- Stephen Harper is an idiot for refusing to do this interview. They lobbed softballs for the most part, and he might have even scored some points with young Canadians. His silence speaks volumes about how little he cares about anyone under the age of 35. Then again, we already knew that.
- Holy crap, I’m not part of the “under 35” cohort anymore. I feel old. Yikes.
- Justin Trudeau isn’t as practiced a public speaker as Tom Mulcair is. It was evident in the debates and evident in these town hall interviews. I appreciate that his answers are less scripted, but his rushed speaking style makes him seem nervous and younger than he is.
- On the other hand, Mulcair’s habit of using a pre-scripted soundbyte to answer each question reminded me uncomfortably of the “10 Word Answer” episode of the West Wing. Mulcair did sound a little more off the cuff and unrehearsed in French than he did in English, it’s worth noting.
- Trudeau mostly dodged the big questions, turning them all around to point a finger at Harper rather than propose his own concrete solutions.
- Mulcair did his share of finger-pointing too — at both Harper and Trudeau — but at least he backed his answers up with more solid information and policy proposals.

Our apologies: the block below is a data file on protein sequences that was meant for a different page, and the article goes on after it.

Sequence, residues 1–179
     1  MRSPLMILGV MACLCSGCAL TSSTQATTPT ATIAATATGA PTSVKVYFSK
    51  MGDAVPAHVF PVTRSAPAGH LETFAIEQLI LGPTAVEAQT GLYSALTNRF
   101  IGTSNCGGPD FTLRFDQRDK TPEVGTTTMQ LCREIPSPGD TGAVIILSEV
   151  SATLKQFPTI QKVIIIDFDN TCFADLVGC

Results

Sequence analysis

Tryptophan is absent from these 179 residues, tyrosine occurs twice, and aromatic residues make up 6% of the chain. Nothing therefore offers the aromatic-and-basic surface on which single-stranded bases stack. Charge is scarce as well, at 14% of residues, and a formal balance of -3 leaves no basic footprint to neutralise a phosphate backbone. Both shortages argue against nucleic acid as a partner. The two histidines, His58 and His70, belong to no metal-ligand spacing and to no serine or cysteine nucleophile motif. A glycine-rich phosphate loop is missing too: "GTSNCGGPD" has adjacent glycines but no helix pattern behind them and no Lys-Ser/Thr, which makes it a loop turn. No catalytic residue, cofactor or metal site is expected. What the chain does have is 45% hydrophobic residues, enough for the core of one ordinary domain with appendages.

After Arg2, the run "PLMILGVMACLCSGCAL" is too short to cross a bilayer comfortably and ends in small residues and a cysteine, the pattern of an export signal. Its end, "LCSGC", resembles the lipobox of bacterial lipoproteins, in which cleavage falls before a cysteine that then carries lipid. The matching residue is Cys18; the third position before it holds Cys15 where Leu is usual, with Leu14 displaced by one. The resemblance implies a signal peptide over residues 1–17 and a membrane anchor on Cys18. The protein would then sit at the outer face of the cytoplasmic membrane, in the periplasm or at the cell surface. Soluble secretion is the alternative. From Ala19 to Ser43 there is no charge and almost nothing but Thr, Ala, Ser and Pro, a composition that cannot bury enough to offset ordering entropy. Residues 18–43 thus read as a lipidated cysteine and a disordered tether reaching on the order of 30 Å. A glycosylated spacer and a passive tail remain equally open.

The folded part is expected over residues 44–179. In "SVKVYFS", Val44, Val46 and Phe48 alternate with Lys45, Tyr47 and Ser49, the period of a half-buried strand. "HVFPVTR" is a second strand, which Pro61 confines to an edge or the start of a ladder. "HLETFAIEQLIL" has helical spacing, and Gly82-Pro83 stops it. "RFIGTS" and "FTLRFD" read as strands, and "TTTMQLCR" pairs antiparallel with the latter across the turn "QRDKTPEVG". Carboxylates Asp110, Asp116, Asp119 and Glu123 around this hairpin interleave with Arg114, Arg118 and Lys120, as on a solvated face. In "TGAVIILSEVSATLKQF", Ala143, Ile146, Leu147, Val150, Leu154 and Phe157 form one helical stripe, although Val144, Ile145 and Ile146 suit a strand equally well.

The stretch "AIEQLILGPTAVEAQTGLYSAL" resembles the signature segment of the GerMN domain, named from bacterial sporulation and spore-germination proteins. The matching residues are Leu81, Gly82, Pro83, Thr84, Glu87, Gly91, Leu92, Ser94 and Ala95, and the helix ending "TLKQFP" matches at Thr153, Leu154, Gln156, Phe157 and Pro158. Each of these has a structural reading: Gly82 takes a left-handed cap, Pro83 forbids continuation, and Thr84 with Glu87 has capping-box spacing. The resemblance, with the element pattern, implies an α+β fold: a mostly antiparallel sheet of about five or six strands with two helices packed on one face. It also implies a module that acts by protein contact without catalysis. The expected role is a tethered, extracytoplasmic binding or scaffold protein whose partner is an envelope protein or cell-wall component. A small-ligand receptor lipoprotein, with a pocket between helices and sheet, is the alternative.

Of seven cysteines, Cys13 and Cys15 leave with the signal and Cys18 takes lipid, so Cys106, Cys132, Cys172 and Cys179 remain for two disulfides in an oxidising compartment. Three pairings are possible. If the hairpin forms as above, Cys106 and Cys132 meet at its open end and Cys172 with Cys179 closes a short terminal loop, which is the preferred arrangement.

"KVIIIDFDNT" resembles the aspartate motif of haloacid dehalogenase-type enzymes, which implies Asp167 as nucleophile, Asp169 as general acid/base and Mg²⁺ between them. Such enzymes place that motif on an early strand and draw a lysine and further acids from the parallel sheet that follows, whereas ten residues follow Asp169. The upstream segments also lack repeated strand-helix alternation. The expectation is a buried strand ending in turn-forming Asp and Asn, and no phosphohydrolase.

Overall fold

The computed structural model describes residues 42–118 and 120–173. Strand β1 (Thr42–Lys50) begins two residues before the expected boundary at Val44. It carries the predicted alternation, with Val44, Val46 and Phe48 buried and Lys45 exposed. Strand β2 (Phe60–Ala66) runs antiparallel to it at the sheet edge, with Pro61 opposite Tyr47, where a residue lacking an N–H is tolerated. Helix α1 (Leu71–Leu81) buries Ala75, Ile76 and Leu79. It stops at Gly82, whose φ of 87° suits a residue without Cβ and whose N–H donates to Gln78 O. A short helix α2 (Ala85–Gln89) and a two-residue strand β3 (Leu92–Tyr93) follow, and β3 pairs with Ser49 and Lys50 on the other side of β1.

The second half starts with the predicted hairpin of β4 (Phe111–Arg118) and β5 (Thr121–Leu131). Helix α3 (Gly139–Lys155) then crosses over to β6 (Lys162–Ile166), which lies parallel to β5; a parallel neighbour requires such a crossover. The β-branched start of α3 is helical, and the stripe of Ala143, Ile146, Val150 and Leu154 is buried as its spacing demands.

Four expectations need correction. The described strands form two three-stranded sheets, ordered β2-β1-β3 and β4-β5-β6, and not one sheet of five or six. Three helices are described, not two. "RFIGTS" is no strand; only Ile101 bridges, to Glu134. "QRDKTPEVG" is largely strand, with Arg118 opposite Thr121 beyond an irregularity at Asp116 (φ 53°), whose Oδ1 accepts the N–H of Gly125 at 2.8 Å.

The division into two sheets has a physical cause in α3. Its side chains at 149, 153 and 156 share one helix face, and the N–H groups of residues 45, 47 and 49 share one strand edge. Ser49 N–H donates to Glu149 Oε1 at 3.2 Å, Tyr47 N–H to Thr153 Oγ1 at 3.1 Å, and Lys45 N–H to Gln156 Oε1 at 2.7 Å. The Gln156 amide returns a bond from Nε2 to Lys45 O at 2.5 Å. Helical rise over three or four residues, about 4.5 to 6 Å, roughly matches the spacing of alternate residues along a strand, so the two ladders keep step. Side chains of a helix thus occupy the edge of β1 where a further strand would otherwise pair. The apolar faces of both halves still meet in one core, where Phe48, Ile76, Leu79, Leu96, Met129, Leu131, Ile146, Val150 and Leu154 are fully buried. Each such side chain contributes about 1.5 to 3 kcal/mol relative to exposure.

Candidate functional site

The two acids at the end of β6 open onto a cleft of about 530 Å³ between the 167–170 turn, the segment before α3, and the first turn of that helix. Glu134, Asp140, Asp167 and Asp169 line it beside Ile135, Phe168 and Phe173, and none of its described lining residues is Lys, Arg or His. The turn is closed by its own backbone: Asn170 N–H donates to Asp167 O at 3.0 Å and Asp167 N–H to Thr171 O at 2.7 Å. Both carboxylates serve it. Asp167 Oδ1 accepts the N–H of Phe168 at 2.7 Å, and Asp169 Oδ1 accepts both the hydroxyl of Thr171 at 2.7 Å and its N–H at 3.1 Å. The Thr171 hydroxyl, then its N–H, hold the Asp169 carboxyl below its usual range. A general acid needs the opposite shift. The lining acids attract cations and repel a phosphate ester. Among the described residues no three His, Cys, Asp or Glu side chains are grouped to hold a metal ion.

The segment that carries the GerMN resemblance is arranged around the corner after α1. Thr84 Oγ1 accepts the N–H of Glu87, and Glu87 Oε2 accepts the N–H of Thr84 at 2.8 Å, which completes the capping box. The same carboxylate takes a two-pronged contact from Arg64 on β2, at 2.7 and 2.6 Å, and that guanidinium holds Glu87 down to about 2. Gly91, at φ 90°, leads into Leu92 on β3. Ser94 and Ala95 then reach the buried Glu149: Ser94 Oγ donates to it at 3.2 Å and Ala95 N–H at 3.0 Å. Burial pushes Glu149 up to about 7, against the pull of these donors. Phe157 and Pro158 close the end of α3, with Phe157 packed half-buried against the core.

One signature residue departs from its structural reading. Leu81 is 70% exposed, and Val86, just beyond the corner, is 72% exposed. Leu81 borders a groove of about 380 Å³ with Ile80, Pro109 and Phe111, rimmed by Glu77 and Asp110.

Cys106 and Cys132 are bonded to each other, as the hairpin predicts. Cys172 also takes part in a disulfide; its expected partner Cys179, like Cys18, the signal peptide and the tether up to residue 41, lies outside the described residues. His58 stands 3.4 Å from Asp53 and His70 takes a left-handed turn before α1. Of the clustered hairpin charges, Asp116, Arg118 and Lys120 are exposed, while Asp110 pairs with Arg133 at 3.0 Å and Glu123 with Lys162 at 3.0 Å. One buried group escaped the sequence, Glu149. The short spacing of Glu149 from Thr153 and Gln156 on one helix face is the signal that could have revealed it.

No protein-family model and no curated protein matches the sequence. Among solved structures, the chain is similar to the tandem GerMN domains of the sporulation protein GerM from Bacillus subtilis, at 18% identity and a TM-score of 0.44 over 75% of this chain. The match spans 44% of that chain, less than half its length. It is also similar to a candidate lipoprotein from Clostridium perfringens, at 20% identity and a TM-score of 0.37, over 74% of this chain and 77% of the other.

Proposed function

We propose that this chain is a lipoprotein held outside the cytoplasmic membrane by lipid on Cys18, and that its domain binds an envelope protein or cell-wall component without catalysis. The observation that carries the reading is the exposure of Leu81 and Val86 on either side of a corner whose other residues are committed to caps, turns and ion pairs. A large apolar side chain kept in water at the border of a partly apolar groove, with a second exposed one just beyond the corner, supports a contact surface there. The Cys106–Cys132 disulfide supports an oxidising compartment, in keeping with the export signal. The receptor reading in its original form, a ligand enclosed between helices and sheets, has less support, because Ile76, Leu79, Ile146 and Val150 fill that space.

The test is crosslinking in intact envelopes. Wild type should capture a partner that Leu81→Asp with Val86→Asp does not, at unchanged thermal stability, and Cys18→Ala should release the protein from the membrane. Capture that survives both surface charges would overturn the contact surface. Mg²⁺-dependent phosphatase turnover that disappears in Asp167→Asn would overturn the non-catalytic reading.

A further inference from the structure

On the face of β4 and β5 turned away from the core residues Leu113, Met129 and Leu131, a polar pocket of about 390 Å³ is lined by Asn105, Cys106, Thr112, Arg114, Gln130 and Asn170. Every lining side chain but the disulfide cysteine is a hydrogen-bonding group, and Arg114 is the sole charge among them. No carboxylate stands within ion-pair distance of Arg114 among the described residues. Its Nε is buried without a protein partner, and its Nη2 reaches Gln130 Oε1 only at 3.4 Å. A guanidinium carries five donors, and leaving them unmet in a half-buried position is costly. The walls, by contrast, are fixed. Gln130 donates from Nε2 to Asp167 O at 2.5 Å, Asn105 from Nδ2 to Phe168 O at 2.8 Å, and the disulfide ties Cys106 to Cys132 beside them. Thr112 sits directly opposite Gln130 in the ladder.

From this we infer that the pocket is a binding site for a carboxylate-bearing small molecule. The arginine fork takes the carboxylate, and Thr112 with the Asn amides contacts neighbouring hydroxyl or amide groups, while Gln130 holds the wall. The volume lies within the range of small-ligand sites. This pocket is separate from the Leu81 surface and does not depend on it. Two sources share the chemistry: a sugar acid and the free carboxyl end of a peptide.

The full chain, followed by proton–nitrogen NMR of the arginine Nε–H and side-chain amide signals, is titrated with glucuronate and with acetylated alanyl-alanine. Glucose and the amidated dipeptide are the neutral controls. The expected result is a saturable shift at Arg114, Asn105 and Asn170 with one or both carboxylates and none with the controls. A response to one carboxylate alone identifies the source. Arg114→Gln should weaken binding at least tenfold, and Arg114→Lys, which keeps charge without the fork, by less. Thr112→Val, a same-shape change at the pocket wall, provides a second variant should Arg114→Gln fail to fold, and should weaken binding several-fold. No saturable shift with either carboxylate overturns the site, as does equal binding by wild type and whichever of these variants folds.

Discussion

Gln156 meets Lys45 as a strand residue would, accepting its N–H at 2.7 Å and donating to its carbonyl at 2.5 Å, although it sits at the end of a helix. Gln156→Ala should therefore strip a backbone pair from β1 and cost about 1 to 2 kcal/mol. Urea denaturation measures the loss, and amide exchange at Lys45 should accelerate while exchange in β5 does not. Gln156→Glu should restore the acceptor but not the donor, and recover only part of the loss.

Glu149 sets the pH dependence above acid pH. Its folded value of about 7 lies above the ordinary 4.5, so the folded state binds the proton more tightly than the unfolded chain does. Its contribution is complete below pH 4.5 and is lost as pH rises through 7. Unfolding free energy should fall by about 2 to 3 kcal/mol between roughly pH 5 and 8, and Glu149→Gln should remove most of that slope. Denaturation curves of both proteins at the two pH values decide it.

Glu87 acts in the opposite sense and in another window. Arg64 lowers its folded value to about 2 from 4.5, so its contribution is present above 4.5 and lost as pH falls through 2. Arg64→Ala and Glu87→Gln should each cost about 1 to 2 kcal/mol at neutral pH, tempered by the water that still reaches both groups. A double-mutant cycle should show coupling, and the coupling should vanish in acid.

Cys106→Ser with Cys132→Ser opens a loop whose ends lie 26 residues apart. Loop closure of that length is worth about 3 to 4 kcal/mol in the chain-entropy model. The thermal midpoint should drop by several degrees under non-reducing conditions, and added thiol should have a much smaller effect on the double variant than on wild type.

- Trudeau’s strongest moment was his finish, when he urged people to vote because “Harper doesn’t want you to”. That part *did* feel scripted. But he’s still right.
- Mulcair’s strongest moment was when he categorically denounced the politics of fear and scapegoating of Muslims with the niqab issue. “Weapon of mass distraction” is a great catchphrase. Ironically, this stance is unfortunately what’s costing him support in Quebec among the racist cohort.
- Policy-wise, Trudeau was most vulnerable on questions about Bill C51, security and human rights. Mulcair was unequivocal here — a luxury he had since the NDP voted the bill down, while Trudeau had to scramble to explain why he’d vote for a bill and then criticize it.
- Mulcair was IMHO most vulnerable on the Israeli/Palestinian question. A “balanced approach” in this context creates a false moral equivalency, and giving any credence to the crazed anti-Israel resolutions by the UN shows a shocking lack of perspective. The NDP’s track record on Israel is pretty terrible, and even though Mulcair has been trying to clean house from his party’s fringe element, I won’t deny that this makes me very uncomfortable.
- Of course, nobody asked Trudeau the question, so he didn’t get a chance to respond, though he has stated his strong support for Israel in other interviews, and the Liberals have a good track record there.
- The NDP wants to bring in a tax credit for microbreweries. Nice!
- After watching both interviews, I’m leaning somewhat more towards the NDP than I was before. Mulcair came across as more informed and more decisive policy-wise on important issues. Having said that, there were a number of important issues that neither interview addressed. And I would never decide who to vote for just based on one interview. But it’s given me lots to mull over.
By the way, here are links to both interviews:
Justin Trudeau: http://en.daily.vice.com/page/vice-meets-justin-trudeau
Thomas Mulcair: http://en.daily.vice.com/page/vice-meets-tom-mulcair